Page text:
February 28, 2012
Plan lays out 130 goals for city
After nearly five years, the city is moving forward with its plan for the future.
Mayor Brian Tobin said last week the city will likely adopt its comprehensive plan in the next month or two. The city Planning Commission and Common Council will have to set public hearings and formally adopt the plan.
Once adopted, the plan will serve as a blueprint for use of land, resources, economic development and residential life. It offers about 130 goals for the next 20 years.
The plan says the city has some tough issues to address.
“Cortland is at a crossroads,” the city’s comprehensive plans says. “The blue collar manufacturing community that Cortland once was is largely gone. The City must fundamentally redefine and reinvent itself in order to reverse the decline of recent decades and remain a viable community in the future.”
Tobin said city attorney Kelly Colasurdo is reviewing the plan.
Zoning is an important issue identified in the plan. The mayor said the city should begin looking at changing its ordinances sometime this year.
“It’s been a long time since the city has addressed zoning uses,” Tobin said.
The plan suggests adjusting zoning in the city, with the goal of encouraging more housing development in certain areas, such as downtown Cortland, while limiting rental housing in single-family neighborhoods.
“The City must proactively move to preserve single-family neighborhoods as the current zoning code is not providing sufficient protection,” the plan says.
The city began working on the plan in 2007. The plan was developed with a $54,000 community grant from the state Department of State.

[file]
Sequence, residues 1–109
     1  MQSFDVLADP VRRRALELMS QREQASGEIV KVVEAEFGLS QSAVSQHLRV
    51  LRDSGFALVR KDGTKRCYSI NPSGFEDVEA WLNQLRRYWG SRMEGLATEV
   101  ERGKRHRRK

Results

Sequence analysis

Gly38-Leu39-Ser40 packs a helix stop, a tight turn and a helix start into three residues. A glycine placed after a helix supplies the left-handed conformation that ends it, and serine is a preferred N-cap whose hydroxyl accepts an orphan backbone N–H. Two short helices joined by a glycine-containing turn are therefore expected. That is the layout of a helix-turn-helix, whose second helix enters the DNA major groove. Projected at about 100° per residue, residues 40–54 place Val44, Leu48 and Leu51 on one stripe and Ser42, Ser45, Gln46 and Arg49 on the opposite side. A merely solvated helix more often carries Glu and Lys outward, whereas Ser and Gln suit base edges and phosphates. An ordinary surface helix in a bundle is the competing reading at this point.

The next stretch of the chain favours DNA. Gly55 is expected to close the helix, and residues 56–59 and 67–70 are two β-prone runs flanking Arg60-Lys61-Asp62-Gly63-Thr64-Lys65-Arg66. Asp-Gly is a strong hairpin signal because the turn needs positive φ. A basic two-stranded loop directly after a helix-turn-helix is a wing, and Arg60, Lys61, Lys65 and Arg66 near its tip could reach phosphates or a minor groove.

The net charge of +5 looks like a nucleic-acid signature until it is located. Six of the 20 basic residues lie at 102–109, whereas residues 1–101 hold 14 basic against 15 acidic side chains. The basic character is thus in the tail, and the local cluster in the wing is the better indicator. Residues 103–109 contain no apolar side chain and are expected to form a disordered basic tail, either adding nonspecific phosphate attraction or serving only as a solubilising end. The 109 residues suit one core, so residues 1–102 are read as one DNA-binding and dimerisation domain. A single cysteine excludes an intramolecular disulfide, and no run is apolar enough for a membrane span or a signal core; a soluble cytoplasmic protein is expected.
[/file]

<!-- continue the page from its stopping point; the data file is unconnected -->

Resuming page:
Thoma Development Consultants prepared it, with input from a steering committee and local residents.
The plan also suggests the city should improve the main entryways into downtown Cortland from Port Watson Street and Clinton Avenue.
Other recommended initiatives include increasing code enforcement and improving downtown Cortland and the city’s relationship with SUNY Cortland.
Economic development is another challenge.
Since the city lacks undeveloped land, the plan says the city must look to its “brownfields,” which are formerly developed properties that may be subject to pollution or contamination from previous uses.
The city has a few brownfields, such as the Wickwire and Rosen sites in the South End and the Buckbee-Mears property on Kellogg Road.
The city has already pursued a few of the goals from the plan, such as creating vacant building registry and its proposed rental permit program. It has also started studying brownfield sites and entryways into the city.
Richard Cunningham, program manager for Thoma Development, said the plan will not replace zoning regulations but should be consulted when it comes to land use and development in the city.
“Any city needs to know where they are going in order to make decisions,” Cunningham said.
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